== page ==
The Perils of Pessimism: Predictive effects of negative expectations for future health and education outcomes on adolescent risk behavior
Objective: With data from a longitudinal study conducted by Reyna, I test whether near-fatalistic/negative expectations for the future predict increased adolescent risk behavior over time. In the reverse direction, the effect of behavioral experiences on subsequent expectations was also assessed. Methods: Eight-hundred and seven adolescents (M=15.5 years, SD=1.0) completed a questionnaire that included questions about how far they expected to go in school, their perceived likelihood of getting (a girl) pregnant in the next 6 months, contracting HIV/AIDS, and contracting an STD by age 25. Participants also answered questions about their recent engagement in a range of risk behaviors involving substance use, delinquency and sexual activity. An identical questionnaire was administered at five time points over the course of one year. Longitudinal modeling was used to assess the influence of pre-test expectations on subsequent risk behaviors, and conversely, the effect of pre-test behavioral experiences on subsequent expectations for education and health outcomes. Sociodemographic variables and the criterion at baseline/previous time points were controlled for in all analyses. Results: Results showed variable support for the notion of negative/near-fatalistic expectations as predictors of later risky behavior. A high expectation of teen pregnancy in adolescents proved a marker for involvement in health-jeopardizing behaviors. Pre-test judgments of pregnancy risk significantly predicted increased involvement in later behaviors such as alcohol and drug use, and number of sexual intercourse partners. Reciprocally, these behavioral experiences at pre-test predicted subsequent perceived risk. Pregnancy expectations also significantly predicted increased truancy, unprotected sex, theft and vandalism; these behaviors were not predictive of pregnancy expectations. Predictive effects were not seen as strongly or consistently for expectation measures involving educational (non) attainment, STD contraction and HIV/AIDS infection. Notably, however, expectations for HIV/AIDS infection (both within 6 months and by age 25) predicted smoking and vandalism. There was a positive reciprocal relationship between expectations for STD contraction (by age 25) and number of partners at multiple time points. Risky behaviors tended to predict decreased educational expectations, but not vice versa. Importantly, expectations did not always reflect current involvement in risk behaviors: risky sexual behavior often did not predict increased subsequent expectations for pregnancy, STD and HIV/AIDS contraction. Conclusion: Near-fatalistic expectations for the future do predict increased involvement in subsequent risk behaviors. At-risk individuals may benefit from interventions that promote optimistic orientations for the future, risk-avoidant values, and self-efficacy.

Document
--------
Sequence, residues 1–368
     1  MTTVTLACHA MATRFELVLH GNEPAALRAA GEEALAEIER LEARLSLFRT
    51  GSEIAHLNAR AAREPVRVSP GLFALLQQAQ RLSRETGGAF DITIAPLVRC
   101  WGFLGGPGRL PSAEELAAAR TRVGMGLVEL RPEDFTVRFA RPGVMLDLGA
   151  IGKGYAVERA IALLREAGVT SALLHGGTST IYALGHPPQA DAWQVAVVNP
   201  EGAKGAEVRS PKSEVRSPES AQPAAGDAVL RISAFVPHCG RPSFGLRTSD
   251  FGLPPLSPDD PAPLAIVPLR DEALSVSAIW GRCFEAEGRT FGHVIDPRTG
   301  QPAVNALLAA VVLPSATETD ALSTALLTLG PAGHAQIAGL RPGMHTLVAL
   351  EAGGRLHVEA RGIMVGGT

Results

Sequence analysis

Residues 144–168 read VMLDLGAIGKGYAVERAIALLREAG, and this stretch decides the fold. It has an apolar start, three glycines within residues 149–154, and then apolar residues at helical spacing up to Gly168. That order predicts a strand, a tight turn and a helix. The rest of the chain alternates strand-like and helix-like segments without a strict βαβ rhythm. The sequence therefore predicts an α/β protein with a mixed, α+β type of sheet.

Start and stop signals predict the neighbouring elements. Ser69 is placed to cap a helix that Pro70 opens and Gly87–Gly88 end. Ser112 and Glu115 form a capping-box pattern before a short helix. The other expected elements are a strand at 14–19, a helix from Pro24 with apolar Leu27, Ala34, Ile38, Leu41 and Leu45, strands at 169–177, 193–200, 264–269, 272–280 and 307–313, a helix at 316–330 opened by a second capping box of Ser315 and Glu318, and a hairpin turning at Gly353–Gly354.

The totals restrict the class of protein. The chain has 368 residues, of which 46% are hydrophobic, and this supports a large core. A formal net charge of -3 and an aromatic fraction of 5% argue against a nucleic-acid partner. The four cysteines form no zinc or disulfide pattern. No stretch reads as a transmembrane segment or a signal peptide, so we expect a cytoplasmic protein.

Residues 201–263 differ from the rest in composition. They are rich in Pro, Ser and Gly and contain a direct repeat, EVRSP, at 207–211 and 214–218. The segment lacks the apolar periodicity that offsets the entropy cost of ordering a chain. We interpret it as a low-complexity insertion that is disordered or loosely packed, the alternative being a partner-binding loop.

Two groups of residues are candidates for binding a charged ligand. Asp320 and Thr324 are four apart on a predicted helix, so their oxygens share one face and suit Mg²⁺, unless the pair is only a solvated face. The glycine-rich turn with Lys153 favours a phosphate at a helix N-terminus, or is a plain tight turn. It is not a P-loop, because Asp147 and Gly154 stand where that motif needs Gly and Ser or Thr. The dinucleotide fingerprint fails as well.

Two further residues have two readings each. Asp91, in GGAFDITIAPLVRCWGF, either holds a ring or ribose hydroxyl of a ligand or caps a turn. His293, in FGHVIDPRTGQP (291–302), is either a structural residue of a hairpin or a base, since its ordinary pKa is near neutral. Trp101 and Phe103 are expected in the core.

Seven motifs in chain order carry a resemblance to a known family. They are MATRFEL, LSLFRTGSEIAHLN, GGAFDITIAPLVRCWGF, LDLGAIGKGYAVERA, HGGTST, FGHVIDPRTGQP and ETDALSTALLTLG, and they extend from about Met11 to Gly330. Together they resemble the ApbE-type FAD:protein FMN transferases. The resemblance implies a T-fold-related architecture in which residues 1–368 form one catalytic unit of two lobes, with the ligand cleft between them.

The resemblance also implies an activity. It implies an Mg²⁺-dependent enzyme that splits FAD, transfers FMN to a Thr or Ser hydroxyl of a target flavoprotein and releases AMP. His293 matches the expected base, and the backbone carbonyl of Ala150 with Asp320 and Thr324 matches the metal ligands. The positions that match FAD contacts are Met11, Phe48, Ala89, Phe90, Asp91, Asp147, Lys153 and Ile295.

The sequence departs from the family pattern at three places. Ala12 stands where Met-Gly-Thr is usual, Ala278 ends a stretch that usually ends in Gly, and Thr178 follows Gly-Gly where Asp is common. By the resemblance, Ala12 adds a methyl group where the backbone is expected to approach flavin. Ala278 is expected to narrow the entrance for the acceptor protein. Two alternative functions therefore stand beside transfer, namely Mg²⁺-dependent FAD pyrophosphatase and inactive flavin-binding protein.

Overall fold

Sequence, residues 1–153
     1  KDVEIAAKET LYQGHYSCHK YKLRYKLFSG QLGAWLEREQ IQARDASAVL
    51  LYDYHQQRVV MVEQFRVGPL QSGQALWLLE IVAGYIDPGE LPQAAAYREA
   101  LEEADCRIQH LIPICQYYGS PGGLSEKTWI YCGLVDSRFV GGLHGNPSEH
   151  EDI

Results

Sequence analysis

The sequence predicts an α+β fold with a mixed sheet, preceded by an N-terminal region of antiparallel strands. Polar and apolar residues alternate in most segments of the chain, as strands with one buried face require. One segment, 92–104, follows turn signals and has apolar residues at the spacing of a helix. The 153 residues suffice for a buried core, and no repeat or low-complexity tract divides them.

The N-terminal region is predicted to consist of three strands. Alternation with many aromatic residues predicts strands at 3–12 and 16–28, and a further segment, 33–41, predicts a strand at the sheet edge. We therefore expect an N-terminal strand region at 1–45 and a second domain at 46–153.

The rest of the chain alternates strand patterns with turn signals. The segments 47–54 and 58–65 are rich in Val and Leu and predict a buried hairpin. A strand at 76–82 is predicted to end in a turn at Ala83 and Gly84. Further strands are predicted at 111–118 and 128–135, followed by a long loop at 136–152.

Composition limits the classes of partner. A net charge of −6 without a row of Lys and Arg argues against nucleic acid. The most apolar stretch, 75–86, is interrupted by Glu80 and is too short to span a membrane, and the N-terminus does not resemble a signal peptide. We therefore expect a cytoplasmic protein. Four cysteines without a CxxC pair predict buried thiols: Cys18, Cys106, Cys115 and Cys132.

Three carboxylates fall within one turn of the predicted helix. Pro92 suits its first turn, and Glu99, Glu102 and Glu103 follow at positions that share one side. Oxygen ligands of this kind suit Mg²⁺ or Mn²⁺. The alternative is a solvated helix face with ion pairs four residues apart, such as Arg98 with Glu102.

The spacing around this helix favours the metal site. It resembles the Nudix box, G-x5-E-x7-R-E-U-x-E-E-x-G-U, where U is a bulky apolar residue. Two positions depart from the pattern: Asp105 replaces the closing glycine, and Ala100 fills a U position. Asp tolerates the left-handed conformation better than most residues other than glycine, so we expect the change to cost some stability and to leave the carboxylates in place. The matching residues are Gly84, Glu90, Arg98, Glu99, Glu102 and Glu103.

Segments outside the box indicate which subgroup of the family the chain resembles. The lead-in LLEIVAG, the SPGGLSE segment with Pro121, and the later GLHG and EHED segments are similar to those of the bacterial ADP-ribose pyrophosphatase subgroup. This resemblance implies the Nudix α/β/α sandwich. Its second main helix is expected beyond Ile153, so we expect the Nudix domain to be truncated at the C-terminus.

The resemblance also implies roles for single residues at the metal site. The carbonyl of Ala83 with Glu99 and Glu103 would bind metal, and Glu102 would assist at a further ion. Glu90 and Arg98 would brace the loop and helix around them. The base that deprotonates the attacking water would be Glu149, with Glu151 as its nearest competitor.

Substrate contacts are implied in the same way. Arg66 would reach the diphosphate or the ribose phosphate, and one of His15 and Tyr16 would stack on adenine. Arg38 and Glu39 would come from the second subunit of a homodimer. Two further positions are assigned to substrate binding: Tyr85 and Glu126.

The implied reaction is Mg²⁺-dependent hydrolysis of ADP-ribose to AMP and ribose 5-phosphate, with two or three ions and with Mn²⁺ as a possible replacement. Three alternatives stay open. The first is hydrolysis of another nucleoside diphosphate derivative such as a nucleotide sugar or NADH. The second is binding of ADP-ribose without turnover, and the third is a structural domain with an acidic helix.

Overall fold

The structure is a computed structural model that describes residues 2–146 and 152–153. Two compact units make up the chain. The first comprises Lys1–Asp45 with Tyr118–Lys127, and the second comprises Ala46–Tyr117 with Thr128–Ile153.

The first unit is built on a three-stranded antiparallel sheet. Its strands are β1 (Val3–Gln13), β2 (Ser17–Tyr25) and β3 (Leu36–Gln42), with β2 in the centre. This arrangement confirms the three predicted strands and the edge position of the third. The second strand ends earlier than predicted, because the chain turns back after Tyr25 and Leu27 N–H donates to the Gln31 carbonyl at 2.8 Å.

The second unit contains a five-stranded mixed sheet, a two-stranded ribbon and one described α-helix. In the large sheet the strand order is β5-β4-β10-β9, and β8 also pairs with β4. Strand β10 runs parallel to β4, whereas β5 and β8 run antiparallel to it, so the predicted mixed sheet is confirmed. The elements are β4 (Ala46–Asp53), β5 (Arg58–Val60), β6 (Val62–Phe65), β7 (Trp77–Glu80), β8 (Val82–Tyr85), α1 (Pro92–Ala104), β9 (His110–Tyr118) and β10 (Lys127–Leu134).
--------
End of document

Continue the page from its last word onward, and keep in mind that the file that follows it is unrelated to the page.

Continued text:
This item removed from eCommons on 2011-09-01 at the request of the author. This item reissued (with a replacement copy supplied by the author) at the author’s request on 2016-02-26. Cornell University Library cannot guarantee that the original and replacement items are identical.
adolescent risk behavior; judgment; decision making; fatalism; future orientations; longitudinal
dissertation or thesis